Should You Use .NET For Your Startup Company?

I get this question a lot, from both people inside and outside of the .Net community, and it came up again the other day on Quora.  Below is my answer.  Please keep in mind that this is my opinion, and I can’t promise that I’m right, but I can promise that this is what I really think and if you walked up on the street and asked me “should I use .Net for my startup?” this is what I would tell you.

In spite of the fact that I’m a pretty high end .Net guy, I would caution new startups that are considering using .Net.  I think .Net is awesome, and I use it for my own startup HireFlo.  However there’s one big landmine that could handicap your startup before it even gets going, webforms.

You see, ASP.Net development is divided into 2 camps, and there are major architectural differences, and cultural differences between them.

ASP.Net MVC is awesome for startups

ASP.Net MVC is the awesome new framework that is heavily influenced by Rails and is the platform of choice for startups like StackExchange.  It’s a breath of fresh air for skilled .Net developers who want a framework that embraces the way the web works instead of struggling against it.  This camp is full of people who care about the craftsmanship of writing code and who like to actually ship software.  A programmer in this camp is likely to be familiar with lots of open source projects, and is most likely a great fit for your startup.

WebForms is death for startups

The other camp is WebForms, a festering bog of evil, spaghetti code, and hate. It’s the domain of corporate developers who prize process and documentation over shipping code and hope that the glacial pace of WebForms development will hide the fact that they haven’t shipped a product in years and can’t tell the difference between an HTTP GET and an HTTP POST.  I mean it.  WebForms and it’s poisonous PageLifeCyle pattern are a sink hole of productivity and they are going to resist you every step of the way as your startup struggles to find the right fit between your application and your market (product market fit).  Plus Webforms and the cursed UpdatePanel make it incredibly difficult to do the fancy new style of client side javascript app that tools like Backbone.js, Knockout.js, and jQuery have made possible.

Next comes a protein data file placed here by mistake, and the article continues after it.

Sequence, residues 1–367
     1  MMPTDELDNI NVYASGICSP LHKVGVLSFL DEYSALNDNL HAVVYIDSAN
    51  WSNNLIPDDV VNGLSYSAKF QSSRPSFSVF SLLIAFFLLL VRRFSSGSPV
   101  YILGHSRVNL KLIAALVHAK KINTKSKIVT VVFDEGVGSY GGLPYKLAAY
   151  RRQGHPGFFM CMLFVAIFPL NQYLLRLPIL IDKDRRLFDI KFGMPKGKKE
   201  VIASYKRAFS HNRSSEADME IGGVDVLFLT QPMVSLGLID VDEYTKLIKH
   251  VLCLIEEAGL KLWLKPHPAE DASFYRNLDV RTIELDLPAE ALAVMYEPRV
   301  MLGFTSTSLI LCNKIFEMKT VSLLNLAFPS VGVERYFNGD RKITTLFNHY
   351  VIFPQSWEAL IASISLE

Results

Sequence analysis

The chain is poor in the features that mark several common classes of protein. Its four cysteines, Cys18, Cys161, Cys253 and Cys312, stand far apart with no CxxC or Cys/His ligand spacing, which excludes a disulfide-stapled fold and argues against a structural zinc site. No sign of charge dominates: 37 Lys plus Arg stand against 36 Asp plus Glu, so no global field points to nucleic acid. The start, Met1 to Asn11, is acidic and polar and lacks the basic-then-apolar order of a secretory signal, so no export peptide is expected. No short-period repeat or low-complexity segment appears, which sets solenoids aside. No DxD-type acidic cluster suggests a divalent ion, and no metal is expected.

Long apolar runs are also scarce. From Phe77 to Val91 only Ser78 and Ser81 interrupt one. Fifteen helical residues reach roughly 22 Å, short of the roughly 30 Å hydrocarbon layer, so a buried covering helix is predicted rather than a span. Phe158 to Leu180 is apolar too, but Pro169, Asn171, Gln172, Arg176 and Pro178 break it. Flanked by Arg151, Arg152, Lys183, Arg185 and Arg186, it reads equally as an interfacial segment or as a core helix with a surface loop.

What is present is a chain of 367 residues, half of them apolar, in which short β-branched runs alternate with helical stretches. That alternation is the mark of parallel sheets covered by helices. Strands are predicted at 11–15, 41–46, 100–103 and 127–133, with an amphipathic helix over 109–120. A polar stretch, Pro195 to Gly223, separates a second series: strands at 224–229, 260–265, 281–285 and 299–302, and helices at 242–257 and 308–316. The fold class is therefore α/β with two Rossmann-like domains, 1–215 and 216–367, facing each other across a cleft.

So the answer is…Heck yes you should (as long as it’s .Net MVC)

So .Net is awesome, C# is amazing, MVC3 is hugely productive,  if you find a .Net developer who works with those, I’d recommend using them.  But you’ve got to be careful.  A WebForms developer with a corporate dev background is most likely going to be death for your startup.


There are three other points I want to add that I think are relevant:

Don’t use Azure for an early stage startup

Microsoft is really pushing Azure as a platform for startups.  I strongly recommend that early stage startups do not use Azure.  Azure development is significantly slower than straight up .Net development that runs on a windows server or VS.  Deployment takes longer, debugging takes longer, the Azure environment is difficult to replicate on your local dev computer, backups are a pain, and you’re locked into a single hosting provider.  It all ads up to a lot of inflexibility and friction at a time when your startup needs flexibility and speed over all other things.  Azure can have a place later, when scale is your problem, but at the beginning of your startup that isn’t the issue.

The ASP.Net MVC/C#/SqlServer stack scales like a madman

Listen to the middle days of the first StackOverflow podcast and you’ll hear that for a long time they ran StackOverflow on a single server.  They were serving a million uniques  with the web app and database running on a single box!  It wasn’t even a very big box.  This is consistent with my experience with .Net.  It scales well. So, if your startup does make it, you’ll probably have a much easier time scaling the .Net stack than you would with say Ruby or PHP.

Bizspark is proof that Microsoft loves programmers and startups

If you want to build a startup on the Microsoft stack, they will give you free licenses to basically every product they make, including SQL Server, and a free MSDN gold subscription, for 3 years.  They figure 3 years is long enough for you to get going so after that they want you to pay for new licenses, but here’s the great part, they let you keep the licenses you’re already using.  So you don’t wind up in a situation where you’re just scraping by, then 3 years is up and you have a big Microsoft bill to pay.  They don’t do that, they just let you keep using the software. So Microsoft has basically taken the cost factor completely out of the equation for new startups.



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